Companies should now be focusing on an integrated project management suite, one that captures the true spirit of IoT, and enables them to adapt to constant change and disruption, and most importantly, to maintain their competitive edge for today – and for what’s next.
Deezer to host Hotstix’s Mandela tribute playlist
Deezer is celebrating Nelson Mandela on the centenary of his birthday by hosting a tribute playlist created by music legend Sipho “Hotstix” Mabuse.
Mabuse, a legendary figure in African music, first rose to prominence in the 1970s with his band Harari and later developed a name for himself as a solo artist. One of his best known songs was the global hit BurnOut in the 1980s.
The playlist takes the listener on a captivating musical journey through the life of Nelson Mandela. It was compiled by Mabuse, who consulted with Mandela’s family and friends to ensure that the music would be relevant and accurate. The playlist also features commentary by Mabuse, which was recorded in his Soweto home.
“I have tried to tell the story of the music that Madiba loved,” says Mabuse. “The Playlist excludes the time in prison obviously, as Madiba would not have had exposure to music in that time. We have focused on the music we know he loved before and after that period. This recording was really an emotional journey for me, but an incredible opportunity to document these memories.”
The playlist features the music the young Mandela loved, such as The Manhattan Brothers, Solomon Linda, Brenda Fassie and Miriam Makeba. It includes struggle songs from Chicco, Johnny Clegg, Hugh Masekela and Yvonne Chaka Chaka. The playlist also includes Mandela by Zahara, one of the younger artists who caught Madiba’s ear.
Mabuse also offers stories of his own songs, such as Shikisha, a song greatly beloved by the former President.
“I was delighted to share my thoughts and hope the listeners enjoyed the musical journey,” says Mabuse. “Madiba did enjoy music immensely and we all have a purpose wherever we are in the world to celebrate culture and to learn from different cultures and music forms and styles.”
This playlist was inspired by the Nelson Mandela 100 campaign, calling on corporates and individuals to act as sources of inspiration and engage in conversation and action.
Sports streaming takes off
Live streaming of sports is coming of age as a mainstream method of viewing big games, as the latest FIFA World Cup figures from the UK show. Africa isn’t yet at the same level when it comes to the adoption of sports streaming, but usage is clearly moving in the right direction.
England’s World Cup quarter-final against Sweden was watched by just under 20 million viewers in the UK via BBC One. While this traditional broadcast audience was huge, it was streaming that broke records: the game was the BBC’s most popular online-viewed live programme ever, with 3.8 million views. In Africa, the absolute numbers are lower but the trend towards streaming major sports events on the continent is also well under way.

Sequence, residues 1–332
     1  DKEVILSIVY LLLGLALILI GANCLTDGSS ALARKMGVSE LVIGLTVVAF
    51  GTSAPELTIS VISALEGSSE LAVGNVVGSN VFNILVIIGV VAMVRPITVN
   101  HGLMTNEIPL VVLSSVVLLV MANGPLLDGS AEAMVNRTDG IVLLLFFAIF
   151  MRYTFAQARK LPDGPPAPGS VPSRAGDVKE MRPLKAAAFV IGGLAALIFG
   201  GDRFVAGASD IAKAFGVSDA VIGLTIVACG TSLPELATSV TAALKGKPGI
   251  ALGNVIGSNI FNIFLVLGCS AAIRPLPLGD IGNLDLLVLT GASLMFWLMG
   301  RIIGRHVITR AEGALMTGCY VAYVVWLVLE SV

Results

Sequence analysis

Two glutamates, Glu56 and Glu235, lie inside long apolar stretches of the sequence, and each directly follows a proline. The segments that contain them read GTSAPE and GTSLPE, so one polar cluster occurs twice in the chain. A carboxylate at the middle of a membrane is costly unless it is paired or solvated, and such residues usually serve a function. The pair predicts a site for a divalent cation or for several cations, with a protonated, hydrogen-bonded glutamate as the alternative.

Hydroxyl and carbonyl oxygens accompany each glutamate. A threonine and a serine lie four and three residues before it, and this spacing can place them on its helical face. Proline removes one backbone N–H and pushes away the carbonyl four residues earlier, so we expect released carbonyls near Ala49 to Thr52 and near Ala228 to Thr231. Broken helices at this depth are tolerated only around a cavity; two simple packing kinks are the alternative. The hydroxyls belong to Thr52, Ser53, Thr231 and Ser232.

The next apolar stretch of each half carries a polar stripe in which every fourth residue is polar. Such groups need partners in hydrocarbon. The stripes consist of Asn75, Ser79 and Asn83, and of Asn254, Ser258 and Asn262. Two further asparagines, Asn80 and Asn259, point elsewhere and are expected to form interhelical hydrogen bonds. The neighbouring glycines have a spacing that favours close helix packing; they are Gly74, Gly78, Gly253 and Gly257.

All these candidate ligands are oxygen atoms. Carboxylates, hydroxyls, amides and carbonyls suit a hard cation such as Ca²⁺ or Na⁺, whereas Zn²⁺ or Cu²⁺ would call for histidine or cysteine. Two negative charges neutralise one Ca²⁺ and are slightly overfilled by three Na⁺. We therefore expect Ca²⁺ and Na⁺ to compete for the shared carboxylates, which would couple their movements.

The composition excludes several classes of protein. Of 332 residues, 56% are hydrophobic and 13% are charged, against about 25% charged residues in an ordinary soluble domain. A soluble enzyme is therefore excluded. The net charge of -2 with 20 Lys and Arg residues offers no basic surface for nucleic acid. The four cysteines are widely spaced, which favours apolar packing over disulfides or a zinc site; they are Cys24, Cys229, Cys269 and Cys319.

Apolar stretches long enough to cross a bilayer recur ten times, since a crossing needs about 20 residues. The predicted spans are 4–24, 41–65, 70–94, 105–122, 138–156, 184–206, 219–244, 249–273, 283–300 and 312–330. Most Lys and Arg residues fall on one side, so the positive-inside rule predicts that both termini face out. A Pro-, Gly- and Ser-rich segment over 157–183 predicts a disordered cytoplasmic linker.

According to DStv, live streaming of sports dominates the usage figures for its live and recorded TV streaming app, DStv Now. The number of people using the app in June was five times higher than a year ago, with concurrent views peaking during major football and rugby games.
Since the start of the World Cup, average weekday usage of DStv Now is up 60%. The absolute peak in concurrent usage for one event was reached on 26 June, during the Nigeria vs Argentina game. The app’s biggest ever test was on 16 June with both Springbok Rugby and World Cup Football under way at the same time, resulting in concurrent in-app views seven times higher than the peaks seen in June last year.
The World Cup has also been a major reason for new users to download and try out the app. First-time app user volumes have tripled on Android and doubled on iOS since the start of the tournament.
“While we expected live sports streaming to take off, it’s also been pleasing to see that the app is really popular for watching shows on Catch Up,” says MultiChoice South Africa Chief Operating Officer Mark Rayner. “Interestingly, some of the most popular Catch Up shows are local, with Isibaya, Binnelanders, The Queen and The River all getting a significant number of views.”
With respect to app usage, the web and Android apps are the most popular way to watch DStv Now, with Android outpacing iOS by a factor of 2:1.
“We’re continuing to develop DStv Now, with 4k streaming in testing and smart TV and Apple TV apps on their way shortly,” says Rayner. “The other key priority for us is working with the telcos to deliver mobile data propositions that make watching online painless and worry-free for our customers.”
The DStv Now app is free to all 10 million DStv customers in Africa. The app streams DStv live channels as well as supplying an extended Catch Up library. Two separate streams can be watched on different devices simultaneously, and content can also be downloaded to smartphones and tablets. The content available on the app varies according to the DStv package subscribed to.